Japan has no product liability legislation. Consumers who have suffered as a result of faulty goods can only sue manufacturers if they can establish negligence in the manufacturing process. This is extremely difficult to prove in court, and in the past 40 years only 150 such cases have been won by consumers.
European and American law is far more generous to the consumer, making manufacturers liable for a wide range of accidents or injuries caused by their products. The issue has been debated for 17 years in Japan. Not surprisingly consumer groups and lawyers have strongly supported the introduction of product liability legislation, and big industry has opposed it.
This week, a subcommittee of the Social Policy Council, set up to decide the issue by the end of this year, announced it could not reach a judgement, and recommended that another panel be set up and given another 12 months to mull over the issue and search for that elusive consensus view.
In its report, the subcommittee, chaired by Akio Morishima, said a majority of the panel actually supported the introduction of a new law. However, Mr Morishima said, panel members from industry opposed the law, and therefore more 'consultation' was needed. According to one of the panel members, the main objectors were representatives from drug companies, and car and home appliance manufacturers.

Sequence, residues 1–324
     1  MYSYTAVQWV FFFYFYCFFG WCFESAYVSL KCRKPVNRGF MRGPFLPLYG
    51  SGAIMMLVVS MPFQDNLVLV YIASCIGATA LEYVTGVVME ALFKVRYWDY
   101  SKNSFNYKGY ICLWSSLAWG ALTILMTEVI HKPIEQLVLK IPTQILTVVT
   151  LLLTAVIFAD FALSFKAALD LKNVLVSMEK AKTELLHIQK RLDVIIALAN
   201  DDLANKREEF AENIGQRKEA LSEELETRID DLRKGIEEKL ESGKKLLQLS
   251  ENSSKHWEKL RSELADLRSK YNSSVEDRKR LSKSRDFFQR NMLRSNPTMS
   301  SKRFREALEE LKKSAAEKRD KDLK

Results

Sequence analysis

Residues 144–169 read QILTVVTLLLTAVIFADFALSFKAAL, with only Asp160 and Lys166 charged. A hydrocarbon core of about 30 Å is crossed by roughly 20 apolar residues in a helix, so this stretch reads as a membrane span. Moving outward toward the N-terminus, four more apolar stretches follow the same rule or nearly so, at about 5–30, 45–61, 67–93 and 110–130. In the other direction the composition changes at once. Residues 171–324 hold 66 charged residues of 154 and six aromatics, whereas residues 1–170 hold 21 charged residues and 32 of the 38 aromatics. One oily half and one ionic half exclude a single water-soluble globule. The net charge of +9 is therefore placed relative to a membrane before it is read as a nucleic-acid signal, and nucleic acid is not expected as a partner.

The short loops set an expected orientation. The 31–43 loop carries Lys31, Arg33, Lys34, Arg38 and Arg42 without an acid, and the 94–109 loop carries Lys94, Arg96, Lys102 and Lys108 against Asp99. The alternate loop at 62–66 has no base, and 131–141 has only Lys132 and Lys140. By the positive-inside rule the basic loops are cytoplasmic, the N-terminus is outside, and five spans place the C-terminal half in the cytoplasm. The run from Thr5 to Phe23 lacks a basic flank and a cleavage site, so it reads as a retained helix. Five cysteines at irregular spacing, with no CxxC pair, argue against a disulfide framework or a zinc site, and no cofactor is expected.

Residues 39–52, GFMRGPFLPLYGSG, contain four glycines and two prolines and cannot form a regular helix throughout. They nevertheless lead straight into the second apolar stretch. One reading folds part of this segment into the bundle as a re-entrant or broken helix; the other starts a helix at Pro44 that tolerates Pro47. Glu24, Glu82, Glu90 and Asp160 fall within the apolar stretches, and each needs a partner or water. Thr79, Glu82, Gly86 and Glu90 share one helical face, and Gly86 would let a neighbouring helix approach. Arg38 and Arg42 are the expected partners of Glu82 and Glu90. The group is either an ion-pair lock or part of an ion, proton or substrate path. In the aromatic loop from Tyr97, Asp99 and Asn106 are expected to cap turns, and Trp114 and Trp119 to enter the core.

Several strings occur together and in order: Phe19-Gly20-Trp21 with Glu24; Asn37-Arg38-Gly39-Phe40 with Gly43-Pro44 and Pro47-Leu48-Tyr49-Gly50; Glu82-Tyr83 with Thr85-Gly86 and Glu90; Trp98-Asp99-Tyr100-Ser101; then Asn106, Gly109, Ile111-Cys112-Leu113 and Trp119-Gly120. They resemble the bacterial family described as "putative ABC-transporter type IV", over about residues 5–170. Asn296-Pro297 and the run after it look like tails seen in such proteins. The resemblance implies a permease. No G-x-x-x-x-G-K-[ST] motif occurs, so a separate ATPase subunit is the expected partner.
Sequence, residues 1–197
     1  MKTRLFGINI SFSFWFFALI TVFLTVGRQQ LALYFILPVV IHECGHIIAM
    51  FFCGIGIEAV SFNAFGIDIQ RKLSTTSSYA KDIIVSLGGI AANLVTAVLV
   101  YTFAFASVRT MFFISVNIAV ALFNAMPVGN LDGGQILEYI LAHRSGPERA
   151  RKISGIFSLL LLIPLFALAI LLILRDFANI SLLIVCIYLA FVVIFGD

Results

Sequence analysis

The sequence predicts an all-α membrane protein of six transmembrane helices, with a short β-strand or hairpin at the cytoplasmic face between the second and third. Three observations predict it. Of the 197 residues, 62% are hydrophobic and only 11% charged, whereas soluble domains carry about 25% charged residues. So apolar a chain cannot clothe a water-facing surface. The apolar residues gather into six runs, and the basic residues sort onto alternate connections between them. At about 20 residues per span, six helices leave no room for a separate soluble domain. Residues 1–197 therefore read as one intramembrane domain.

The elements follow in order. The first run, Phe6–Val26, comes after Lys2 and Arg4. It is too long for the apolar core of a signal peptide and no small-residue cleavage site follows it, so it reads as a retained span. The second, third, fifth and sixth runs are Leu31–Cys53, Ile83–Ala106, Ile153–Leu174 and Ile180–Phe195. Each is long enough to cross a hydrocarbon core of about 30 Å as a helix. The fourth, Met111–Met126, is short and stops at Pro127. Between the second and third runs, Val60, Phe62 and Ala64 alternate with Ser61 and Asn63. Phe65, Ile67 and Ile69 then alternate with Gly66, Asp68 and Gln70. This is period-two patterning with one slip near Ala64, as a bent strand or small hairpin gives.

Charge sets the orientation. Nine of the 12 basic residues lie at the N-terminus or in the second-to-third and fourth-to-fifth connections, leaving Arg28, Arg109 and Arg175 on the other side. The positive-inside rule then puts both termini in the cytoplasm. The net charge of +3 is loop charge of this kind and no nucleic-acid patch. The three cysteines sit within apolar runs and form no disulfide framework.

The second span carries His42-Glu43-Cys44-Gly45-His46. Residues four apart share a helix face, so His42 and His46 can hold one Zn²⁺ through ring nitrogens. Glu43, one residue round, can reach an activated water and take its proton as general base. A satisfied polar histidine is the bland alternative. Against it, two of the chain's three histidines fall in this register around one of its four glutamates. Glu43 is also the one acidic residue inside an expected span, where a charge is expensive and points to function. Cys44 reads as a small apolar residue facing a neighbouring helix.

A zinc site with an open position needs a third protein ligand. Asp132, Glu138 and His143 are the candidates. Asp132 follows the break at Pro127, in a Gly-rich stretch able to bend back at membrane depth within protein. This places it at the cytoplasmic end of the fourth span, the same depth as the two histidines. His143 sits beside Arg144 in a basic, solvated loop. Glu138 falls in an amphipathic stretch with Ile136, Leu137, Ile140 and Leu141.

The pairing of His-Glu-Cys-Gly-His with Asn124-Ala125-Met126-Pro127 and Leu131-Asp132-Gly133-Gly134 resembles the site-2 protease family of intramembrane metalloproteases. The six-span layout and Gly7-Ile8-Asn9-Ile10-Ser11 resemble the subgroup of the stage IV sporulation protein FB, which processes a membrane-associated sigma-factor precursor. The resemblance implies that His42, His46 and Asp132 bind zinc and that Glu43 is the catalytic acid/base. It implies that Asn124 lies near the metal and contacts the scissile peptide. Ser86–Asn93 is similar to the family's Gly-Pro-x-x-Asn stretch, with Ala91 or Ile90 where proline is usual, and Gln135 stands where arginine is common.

All three industries have been horrified by the huge lawsuits launched against companies in their respective lines of business in the US. They ridicule the excesses of US litigiousness, (one of their favourite horror stories is of the consumer who won an award for suffering a heart attack while using a lawnmower). And they argued that product liability legislation in Japan would let loose a similar craze for litigation.
However the panel rejected this argument - Japanese are generally slow to go to the courts for anything. Nor did the panel accept that such legislation would drastically increase the inflation rate, if manufacturers had to pass on the costs of new liability insurance premiums - at most the new costs would push up the price index by a mere 0.3 per cent. At the root of the problem, Mr Morishima hinted, was big industry's reluctance to give up its power to set its own safety standards and instead submit to the judgments of courts of law.
Saburo Abe, head of the Japan Federation of Bar Associations, angrily protested at the hijack of the panel by big industry, and said the postponement 'should be attacked by other nations'.
As Mr Abe knows, often the only way of effecting change in Japan is through the application of gaiatsu, or foreign pressure. As Mr Abe also knows, the lack of product liability legislation in Japan has been one of the issues under attack by US trade negotiators, who claim it gives Japanese companies an unfair competitive advantage over US and European companies, who must be more responsive to consumers. Pass the buck to Washington.
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